Measure JJ will ensure that medical cannabis continues to be safely available to Berkeley’s patients and that the needs and rights of neighbors are respected.
We appreciate that the Daily Planet recognizes that every initiative presents policy issues to be weighed and balanced by the voters. We write to clarify those issues because the Planet’s Oct. 21 Voter Guide was somewhat misleading on JJ.
The measure’s history is unusual and may have led to the Planet’s misunderstanding.
In 2004 the measure was subjected to an unconstitutional election using now-decertified electronic voting machines. When the Superior Court ordered the measure back on the ballot for 2008, the city council had already made two significant changes to the medical cannabis ordinance. Both are unaffected by JJ:
1. JJ does not change the city council's current limit of no more than three collective dispensaries in the city. So it is incorrect to say that JJ supporters somehow contest the city’s “freeze” on the number of dispensaries. The number of dispensaries in Berkeley is unaffected by JJ—except to the extent that it helps to maintain the current number rather than allowing them to close for lack of zoning procedure.
2. JJ does not change the city council’s proximity limit banning dispensaries from locating within 1,000 feet of schools or of each other.
These two changes are a huge shift in the context of JJ in 2008. With the cap of three and the proximity limits in place, JJ recognizes clinics as an accepted use, and provides procedures and standards for them.
JJ’s primary zoning effect is to help dispensaries relocate when they must. Today, two of Berkeley’s three dispensaries are on the verge of closing, slowly crushed between the need to relocate and the lack of clear directives for city staff to facilitate such a move.
If two-thirds of our dispensaries close, it will drive thousands of patients to the dangers of the illicit market, deprive our city and state of significant tax revenue, and add dozens of dispensary service workers to the rolls of the unemployed and uninsured.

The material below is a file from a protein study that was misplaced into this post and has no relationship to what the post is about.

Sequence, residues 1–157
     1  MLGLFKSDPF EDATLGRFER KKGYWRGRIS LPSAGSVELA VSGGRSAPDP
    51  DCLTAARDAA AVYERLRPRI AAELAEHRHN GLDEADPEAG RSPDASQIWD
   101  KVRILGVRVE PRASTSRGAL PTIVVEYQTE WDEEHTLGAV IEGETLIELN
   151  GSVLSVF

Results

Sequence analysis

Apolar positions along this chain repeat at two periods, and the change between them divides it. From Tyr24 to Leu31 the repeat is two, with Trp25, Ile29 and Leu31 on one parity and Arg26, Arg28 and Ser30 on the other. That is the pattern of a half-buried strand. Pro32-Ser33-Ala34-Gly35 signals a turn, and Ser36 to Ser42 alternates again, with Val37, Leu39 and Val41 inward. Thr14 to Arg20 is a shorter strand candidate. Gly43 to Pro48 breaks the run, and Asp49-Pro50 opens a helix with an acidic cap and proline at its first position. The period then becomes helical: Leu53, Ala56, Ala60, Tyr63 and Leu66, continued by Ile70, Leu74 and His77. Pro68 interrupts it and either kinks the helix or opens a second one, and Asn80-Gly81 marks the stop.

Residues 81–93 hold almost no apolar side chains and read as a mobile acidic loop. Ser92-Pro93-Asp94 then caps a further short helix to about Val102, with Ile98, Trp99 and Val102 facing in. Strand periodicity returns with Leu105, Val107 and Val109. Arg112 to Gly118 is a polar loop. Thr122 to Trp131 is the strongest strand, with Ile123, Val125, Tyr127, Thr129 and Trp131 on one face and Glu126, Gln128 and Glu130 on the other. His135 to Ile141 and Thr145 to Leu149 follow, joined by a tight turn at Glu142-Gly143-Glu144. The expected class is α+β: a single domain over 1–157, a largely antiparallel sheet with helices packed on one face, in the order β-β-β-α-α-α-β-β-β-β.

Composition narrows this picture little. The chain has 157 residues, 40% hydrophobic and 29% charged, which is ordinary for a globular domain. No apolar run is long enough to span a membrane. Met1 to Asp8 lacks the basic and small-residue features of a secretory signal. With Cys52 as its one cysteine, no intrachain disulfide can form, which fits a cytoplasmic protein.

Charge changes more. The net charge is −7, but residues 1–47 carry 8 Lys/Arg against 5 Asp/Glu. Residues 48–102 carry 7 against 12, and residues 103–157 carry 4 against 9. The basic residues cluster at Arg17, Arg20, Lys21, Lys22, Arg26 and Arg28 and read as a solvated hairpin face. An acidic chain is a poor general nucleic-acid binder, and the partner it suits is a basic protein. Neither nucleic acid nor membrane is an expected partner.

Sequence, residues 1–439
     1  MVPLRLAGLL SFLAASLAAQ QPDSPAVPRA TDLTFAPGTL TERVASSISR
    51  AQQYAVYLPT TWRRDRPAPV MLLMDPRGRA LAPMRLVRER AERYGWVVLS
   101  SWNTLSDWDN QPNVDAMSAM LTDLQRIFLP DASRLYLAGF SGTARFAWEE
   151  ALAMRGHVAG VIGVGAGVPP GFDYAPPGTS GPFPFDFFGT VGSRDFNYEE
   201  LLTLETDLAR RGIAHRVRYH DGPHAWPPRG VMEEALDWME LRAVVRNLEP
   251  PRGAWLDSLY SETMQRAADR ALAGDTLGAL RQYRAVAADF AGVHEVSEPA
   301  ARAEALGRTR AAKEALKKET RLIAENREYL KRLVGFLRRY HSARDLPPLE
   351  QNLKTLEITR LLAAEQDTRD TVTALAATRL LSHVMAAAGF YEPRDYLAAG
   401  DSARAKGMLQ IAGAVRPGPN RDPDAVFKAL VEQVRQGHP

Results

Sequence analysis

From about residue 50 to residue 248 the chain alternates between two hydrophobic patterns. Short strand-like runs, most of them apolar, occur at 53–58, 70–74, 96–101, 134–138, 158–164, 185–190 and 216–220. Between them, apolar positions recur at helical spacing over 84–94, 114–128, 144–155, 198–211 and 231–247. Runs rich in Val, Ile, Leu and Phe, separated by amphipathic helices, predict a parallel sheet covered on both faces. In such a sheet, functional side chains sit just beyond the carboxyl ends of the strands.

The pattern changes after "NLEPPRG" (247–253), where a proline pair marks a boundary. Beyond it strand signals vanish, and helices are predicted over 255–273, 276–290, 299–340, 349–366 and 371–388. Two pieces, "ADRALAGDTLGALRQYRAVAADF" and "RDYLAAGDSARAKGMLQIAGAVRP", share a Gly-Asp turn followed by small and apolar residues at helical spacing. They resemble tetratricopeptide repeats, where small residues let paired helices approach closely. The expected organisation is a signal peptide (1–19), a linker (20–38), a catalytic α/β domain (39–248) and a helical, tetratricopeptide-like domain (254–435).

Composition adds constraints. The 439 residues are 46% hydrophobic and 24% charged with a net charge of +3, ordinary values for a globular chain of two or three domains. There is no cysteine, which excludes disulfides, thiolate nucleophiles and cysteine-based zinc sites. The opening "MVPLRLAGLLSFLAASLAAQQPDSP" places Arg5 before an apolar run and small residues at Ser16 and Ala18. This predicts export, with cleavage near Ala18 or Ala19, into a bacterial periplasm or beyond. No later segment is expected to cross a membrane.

Our existing dispensaries can relocate under JJ, but only if they meet the safety and operating standards of the Peer Review Committee, are at least 1,000 feet from schools, and are not located in residential zones.
Berkeley’s existing dispensaries are grandfathered and entirely self-regulated. JJ will create a responsible system of regulation for the first time, in which city staff, clinic neighbors, and police will have an appropriate role. Such regulation is already well-developed in neighboring Oakland and San Francisco.
JJ is endorsed by the Alameda County Democratic Party, Berkeley’s County Supervisor Keith Carson, the United Democratic Campaign of Berkeley, Alameda and Emeryville, the Oakland Tribune, and the Bay Guardian, among many others. The ballot argument in favor of JJ was signed in its entirety by two city council members, a Berkeley family practice doctor, a Cal Ph.D. social work researcher, and a harm reduction expert. Please see www.YesOnJJ.com for more information.
Measure JJ is well within Berkeley’s long tradition of putting progressive values into actual practice. Please support medical marijuana patients and clinics in Berkeley—vote Yes on Measure JJ.
Roger LaChance is a member of Citizens for Sensible Medical Cannabis Regulation—Yes on JJ.